There's a puzzle game called CrossCells (not affiliated; there's also multiple other ones with the same kind of idea, but slightly different layout and rule set) that I've been playing on and off. After getting a bit frustrated with one puzzle (they're getting larger and larger and I'm not very methodical with solving them anymore) I thought of what environment I'd use to solve them automatically (brute force not being a great idea).

This is also kind of spoiler-ish for puzzle 25, though I'm not printing the full solution, you'd have to run the code to see it.

I set up a quick hack in Prolog (SWI Prolog using one of the constraint solving modules; apt-get install swi-prolog should do the trick) and wanted to get some feedback on the solution, especially regarding

  • whether this the go-to approach for this kind of puzzle, or whether a more simple approach would work too,
  • whether a different environment would be a much better match for the kind of problem (I'm not familiar enough with Prolog, but the documentation was enough to let me at least get this done in a matter of hours; I'd be more happy with, say, Java/Python/..., anything where I can still switch to an imperative mode for e.g. I/O).

For the specifics of the code also

  • how this could be shortened while still being readable. It took quite a while (after one failed attempt at expressing the equations) to actually write down the whole puzzle in a readable way. E.g. not having to write down all the variables explicitly in the goal and when invoking it would be fantastic.
  • Whether the equations could be more concise. I deliberately wrote them down row by row and column by column to be able to visually compare them with the game's representation. But, that comes at the cost of additional variables (Nx) and screen space.
  • Printing and comparing the solution is cumbersome, any hints how this could be improved? Edit: The second goal solve now prints each row, yet I can't think of a good way to truly show this as the original grid pattern, making comparing it with the real thing still a bit annoying. Still happy to find a better way!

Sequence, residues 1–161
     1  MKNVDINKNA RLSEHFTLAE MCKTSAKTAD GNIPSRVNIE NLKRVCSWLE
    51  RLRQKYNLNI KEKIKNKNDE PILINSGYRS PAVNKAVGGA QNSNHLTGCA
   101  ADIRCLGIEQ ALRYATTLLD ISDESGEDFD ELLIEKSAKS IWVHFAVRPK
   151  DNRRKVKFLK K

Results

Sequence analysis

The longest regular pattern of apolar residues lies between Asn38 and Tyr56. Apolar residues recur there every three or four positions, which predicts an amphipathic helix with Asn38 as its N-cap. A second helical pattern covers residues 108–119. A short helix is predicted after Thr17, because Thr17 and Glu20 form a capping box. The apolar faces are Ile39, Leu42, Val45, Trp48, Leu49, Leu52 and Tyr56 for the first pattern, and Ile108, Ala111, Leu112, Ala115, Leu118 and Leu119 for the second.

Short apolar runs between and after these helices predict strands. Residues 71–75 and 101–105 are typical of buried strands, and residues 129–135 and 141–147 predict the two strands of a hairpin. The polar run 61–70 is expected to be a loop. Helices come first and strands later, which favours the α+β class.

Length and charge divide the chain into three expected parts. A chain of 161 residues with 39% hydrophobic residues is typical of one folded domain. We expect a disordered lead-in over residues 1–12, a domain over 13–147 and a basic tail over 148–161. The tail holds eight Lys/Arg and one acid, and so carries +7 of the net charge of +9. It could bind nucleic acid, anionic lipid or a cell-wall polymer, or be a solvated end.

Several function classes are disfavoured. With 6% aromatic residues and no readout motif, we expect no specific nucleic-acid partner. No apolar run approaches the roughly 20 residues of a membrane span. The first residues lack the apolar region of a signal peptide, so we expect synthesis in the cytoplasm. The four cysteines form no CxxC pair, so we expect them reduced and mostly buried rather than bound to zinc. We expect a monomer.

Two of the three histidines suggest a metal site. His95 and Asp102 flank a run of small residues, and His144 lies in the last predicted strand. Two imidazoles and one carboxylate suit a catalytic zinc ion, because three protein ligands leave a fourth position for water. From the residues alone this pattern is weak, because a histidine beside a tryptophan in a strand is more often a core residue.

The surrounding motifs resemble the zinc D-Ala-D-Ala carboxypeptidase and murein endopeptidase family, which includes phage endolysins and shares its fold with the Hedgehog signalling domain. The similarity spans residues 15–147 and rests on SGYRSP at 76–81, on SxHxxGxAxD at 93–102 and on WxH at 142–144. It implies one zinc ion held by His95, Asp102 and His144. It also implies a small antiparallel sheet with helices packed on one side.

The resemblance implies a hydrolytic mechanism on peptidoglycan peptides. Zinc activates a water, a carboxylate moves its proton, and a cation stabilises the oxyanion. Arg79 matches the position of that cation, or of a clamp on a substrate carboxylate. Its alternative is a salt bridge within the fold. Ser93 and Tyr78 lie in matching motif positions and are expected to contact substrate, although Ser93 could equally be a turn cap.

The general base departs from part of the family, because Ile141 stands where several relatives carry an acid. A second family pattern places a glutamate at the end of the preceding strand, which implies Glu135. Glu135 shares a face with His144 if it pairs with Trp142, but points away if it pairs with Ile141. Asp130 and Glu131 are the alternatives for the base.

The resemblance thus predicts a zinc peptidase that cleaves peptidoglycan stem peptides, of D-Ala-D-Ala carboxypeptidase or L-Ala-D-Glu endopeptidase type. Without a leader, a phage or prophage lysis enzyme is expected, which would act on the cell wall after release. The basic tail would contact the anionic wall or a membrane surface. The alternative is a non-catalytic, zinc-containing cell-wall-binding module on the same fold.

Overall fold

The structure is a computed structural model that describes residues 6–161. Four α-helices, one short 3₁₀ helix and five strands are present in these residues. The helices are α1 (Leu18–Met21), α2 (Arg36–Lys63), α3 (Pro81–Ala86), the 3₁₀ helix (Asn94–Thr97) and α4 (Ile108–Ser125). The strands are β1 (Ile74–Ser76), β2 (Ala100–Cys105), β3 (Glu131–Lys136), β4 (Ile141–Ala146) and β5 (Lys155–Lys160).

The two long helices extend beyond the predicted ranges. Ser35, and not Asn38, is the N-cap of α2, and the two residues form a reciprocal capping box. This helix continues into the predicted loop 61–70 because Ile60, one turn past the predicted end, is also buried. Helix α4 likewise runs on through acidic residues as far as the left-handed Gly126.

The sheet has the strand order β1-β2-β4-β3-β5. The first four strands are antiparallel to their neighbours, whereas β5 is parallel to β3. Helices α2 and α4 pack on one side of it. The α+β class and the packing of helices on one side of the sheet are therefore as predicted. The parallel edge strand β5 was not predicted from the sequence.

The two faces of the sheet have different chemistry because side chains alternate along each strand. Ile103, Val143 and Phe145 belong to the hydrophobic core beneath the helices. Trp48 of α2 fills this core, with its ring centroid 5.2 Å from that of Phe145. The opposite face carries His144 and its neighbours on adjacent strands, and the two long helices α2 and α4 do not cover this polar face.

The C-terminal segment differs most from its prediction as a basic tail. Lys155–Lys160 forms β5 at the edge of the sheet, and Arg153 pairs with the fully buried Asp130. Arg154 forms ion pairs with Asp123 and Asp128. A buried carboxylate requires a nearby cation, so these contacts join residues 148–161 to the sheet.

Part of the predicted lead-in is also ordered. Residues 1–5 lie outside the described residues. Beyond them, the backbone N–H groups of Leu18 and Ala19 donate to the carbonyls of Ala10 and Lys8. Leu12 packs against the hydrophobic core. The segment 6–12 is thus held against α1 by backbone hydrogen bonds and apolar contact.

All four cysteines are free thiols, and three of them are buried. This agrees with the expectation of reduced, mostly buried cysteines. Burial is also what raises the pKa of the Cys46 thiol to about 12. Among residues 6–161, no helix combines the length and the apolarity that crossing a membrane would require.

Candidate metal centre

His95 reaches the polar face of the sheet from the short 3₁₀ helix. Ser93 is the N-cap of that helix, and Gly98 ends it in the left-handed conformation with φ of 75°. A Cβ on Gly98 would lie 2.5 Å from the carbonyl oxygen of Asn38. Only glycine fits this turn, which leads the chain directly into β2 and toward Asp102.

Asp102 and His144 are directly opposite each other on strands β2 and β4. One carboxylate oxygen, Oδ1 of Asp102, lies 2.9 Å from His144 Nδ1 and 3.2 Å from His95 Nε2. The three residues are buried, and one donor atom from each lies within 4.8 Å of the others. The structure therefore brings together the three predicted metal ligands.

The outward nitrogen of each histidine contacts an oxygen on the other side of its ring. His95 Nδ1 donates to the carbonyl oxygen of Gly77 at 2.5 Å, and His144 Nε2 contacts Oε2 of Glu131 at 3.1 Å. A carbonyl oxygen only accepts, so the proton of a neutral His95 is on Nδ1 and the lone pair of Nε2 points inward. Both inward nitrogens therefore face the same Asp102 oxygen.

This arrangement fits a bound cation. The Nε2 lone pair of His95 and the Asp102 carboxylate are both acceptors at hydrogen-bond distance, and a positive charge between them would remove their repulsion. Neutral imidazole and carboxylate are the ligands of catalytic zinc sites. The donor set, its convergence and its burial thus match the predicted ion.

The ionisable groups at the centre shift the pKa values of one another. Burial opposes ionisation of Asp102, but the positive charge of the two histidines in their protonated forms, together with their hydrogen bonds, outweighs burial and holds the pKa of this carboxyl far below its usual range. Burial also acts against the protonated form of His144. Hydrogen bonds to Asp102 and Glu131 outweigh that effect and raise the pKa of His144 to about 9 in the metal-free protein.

Edit: Since there was no answer yet I trimmed it down a bit myself, the noise is manageable now, focus would be more on how the equations could be simplified even more.

Okay so the rules of the game for this particular puzzle:

screenshot of unsolved puzzle 25 of the game CrossCells

(Red was edited on top just in case.)

  • Each cell can be toggled on (highlighted in blue by default), toggled off (barely visible, same as the background basically) or undecided (what's shown in the picture, dark gray). This corresponds to the "term" in the cell being part of the expression, not being part of the expression, or undecided. Only if all cells in the sequence are either on or off can the constraint be satisfied or not; if any cell is still in undecided state, the puzzle is not solved yet. (In the solution there's no need to model the undecided state, we always assign either on or off to each cell.)
  • Precedence is the usual, except that there's implied parentheses between each cell; e.g. the first row reads (((+ 1) + 2) * 4) + 2 = 4! If the first two cells were off, it would be essentially (((0) + 0) * 4) + 2 = 4 though.
  • Each column, row and sub-square can have a constraint. Those are always after all cells in the sequence / at the boundary of the square. In this one there's 10 of those for columns and rows and one for the highlighted square ("[6] tiles").
  • The constraints are either number of tiles allowed to be set in the sequence ("[1] tiles") or the total of evaluating the arithmetic expression made up of the chosen cells ("24 total").

Part of the problem of expressing this is that you can't simply write (for the first row) (1 * A + 2 * B) * 4 * C + 2 = 4 (given A-D as integers between 0 and 1), because if e.g. "x4" is off, it's simply not part of the expression, instead the full expression would read (+)1 + 2 ___ + 2 = 4 (not ((+)1 + 2) * 0 + 2 = 4).

(Hope I didn't forget to explain anything, showing this interactively would be a little bit easier. Here's one YouTube link; of course there are others too and it might disappear.)

So the solution below

  • uses variables Bx as integers 0 or 1 to express whether a cell (numbered from top left to bottom right, row by row) is present or not,
  • uses variables Nx where necessary to deal with optional factors / "xA" cells (by, annoyingly, either constraining them to 1 if the corresponding value Bx isn't on/0, or constraining them to their factor if Bx is on/1; I'd love to have a better way for this) - the goal factor abstracts out this pattern,
  • and finally simply lists the constraints row by row and column by column.

While puzzle25 computes the solution, solve (for the lack of a better name), prints the solution for a given puzzle goal (so solve(puzzle25). will solve it and show the solution), that's already preparing for more puzzles to come.